The Beaminster tunnel is 115 yards long, twenty feet high and twenty yards wide, so more generously proportioned than its near-neighbour at Charmouth, which is 73 yards long. The supervising engineer was Michael Lane, who had been recommended by Marc Brunel (father of Isambard Kingdom Brunel), with whom he had worked on a tunnel under the Thames at Rotherhithe. Horn Hill was a stepping-stone to a distinguished career for Lane, who went on to become Principal Civil Engineer for the Great Western Railway.
Michael Lane must have been either a hard taskmaster or an inspiring leader, because the whole job was completed in only a little over two years. There was just one fatality: one William Aplin was killed by ‘a quantity of earth falling on him’. Ironically, this accident took place only three days before the tunnel was opened, and it was commemorated by a cross painted on a large stone at the spot where William Aplin died. For years there was a tradition that anyone walking or cycling past the stone with a pot of paint would stop and re-paint the cross.
On 29 June 1832, the tunnel was opened to the accompaniment of even greater celebrations and rejoicing than had marked the cutting of the first sod. A 21-gun salute was fired from the top of Horn Hill, fireworks were set off from the church tower and a hot-air balloon ascended from a nearby field. The men who had worked on the tunnel were paid a day’s wages for taking part in the procession (each carrying the tools of his trade) and were also given a bonus of 2s 6d, which no doubt ensured a busy night for the town’s sixteen inns. Once again, the gentleman dined at the White Hart, with Giles Russell as the guest of honour – although Michael Lane, strangely, was absent – and were entertained by a song especially written for the occasion. It nine verses of rather glutinous sentiment include:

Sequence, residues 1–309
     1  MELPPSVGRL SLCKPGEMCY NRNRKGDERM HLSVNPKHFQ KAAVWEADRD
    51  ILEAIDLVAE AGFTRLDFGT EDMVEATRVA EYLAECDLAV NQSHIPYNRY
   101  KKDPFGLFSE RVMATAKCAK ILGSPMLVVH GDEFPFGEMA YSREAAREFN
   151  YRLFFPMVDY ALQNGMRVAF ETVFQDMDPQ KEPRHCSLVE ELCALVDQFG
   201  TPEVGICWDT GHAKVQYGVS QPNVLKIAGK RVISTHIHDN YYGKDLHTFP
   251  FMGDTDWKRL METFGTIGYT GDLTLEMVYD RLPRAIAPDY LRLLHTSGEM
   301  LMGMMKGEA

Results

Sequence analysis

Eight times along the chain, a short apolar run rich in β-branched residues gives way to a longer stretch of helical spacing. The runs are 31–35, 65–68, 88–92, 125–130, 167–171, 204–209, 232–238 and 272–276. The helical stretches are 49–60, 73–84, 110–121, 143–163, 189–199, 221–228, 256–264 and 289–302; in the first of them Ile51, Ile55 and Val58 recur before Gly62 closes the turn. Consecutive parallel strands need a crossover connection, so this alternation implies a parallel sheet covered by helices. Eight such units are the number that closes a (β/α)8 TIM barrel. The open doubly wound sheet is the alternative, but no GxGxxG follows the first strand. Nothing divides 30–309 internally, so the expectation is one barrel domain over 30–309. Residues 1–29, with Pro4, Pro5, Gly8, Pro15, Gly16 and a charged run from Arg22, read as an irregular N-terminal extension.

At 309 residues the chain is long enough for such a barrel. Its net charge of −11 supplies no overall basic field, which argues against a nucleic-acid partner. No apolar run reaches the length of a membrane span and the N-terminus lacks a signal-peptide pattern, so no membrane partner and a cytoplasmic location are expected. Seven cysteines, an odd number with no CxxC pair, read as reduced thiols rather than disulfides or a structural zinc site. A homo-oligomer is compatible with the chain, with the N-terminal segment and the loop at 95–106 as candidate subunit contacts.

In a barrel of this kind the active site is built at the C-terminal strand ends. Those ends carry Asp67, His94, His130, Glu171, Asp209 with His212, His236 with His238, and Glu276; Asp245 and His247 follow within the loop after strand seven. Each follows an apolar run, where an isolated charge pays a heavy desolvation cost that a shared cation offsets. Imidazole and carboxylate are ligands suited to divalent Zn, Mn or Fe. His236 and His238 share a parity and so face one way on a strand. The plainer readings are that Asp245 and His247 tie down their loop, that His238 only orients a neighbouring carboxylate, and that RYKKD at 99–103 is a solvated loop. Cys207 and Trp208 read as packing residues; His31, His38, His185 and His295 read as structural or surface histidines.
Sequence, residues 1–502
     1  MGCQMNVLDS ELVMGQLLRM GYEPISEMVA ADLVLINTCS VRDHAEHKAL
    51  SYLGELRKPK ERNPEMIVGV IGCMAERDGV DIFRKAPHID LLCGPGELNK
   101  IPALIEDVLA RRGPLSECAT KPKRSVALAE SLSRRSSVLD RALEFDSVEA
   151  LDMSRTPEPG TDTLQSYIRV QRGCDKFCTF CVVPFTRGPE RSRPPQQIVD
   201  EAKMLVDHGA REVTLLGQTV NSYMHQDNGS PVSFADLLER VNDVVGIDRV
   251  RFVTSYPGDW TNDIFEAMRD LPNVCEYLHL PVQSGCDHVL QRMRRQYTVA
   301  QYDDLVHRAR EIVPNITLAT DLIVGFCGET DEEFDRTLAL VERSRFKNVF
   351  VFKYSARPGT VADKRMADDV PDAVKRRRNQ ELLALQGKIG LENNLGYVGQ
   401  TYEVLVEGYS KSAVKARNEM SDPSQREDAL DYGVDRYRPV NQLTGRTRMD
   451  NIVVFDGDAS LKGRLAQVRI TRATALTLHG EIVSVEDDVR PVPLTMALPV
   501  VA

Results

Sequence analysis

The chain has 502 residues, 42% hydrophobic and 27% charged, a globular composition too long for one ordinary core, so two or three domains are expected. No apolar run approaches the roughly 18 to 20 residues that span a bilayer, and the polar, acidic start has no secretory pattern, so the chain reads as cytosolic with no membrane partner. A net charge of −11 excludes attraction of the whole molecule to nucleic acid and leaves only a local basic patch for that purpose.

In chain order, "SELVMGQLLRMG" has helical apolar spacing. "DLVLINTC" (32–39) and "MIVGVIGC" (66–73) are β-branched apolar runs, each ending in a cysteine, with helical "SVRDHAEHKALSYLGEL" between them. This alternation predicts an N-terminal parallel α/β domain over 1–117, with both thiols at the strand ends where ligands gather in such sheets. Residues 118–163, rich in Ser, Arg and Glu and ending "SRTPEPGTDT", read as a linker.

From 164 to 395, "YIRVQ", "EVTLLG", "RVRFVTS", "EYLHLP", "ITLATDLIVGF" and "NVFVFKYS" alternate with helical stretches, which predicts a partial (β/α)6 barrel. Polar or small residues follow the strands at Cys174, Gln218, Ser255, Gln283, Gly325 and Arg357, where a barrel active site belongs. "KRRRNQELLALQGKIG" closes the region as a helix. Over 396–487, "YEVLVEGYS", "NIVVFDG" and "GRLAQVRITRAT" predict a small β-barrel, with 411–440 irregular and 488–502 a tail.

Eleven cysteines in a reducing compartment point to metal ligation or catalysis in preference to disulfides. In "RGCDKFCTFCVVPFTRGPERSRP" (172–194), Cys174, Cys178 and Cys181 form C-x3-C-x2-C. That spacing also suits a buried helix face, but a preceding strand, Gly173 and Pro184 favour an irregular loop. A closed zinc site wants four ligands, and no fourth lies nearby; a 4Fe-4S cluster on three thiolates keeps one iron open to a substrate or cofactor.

The yielding soil, through able hands,
A tunnel wide displays;
And Lane’s efficient aid demands
Our warm, admiring praise
In swelling streams may cheering wealth
To Beaminster descend:
And ever joy-inspiring health
Her social sons attend.
Echoes of this celebration survived for some fifty years, with a ‘Tunnel Fair’ being held on Horn Hill every Good Friday. On the centenary in 1932, a peal was rung by the ringers of St Mary’s parish church.
Did the Horn Hill tunnel change ‘degraded paupers’ into ‘social sons’ enjoying ‘cheering wealth’? Only up to a point, although the reasons had more to do with outside events than with the concept or construction of the tunnel. First, imports of flax and hemp through Bridport Harbour began to fall at about this time. Second, Crewkerne, the Somerset town most accessible by the tunnel, declined in importance. Most significant of all, the Railway Age was dawning, bringing about a revolution in transport and communications.
However, the importance of the tunnel even today, carrying traffic on the A3066, should not be under-estimated. When it was closed for repairs towards the end of 2009, shops in Beaminster reported a distinct falling-off in their trade. This was the first major work on the tunnel since 1968 and involved the strengthening of the lining and improvements to the lighting and drainage. Since few people these days walk or cycle along such a busy road, the memorial to William Aplin had become obscured by roadside debris, and not the least pleasing aspect of the 2009 works was that it was cleaned up and re-painted.
2 GWR Museum/Borough of Thamesmead
3 Beaminster Museum
4 Beaminster Museum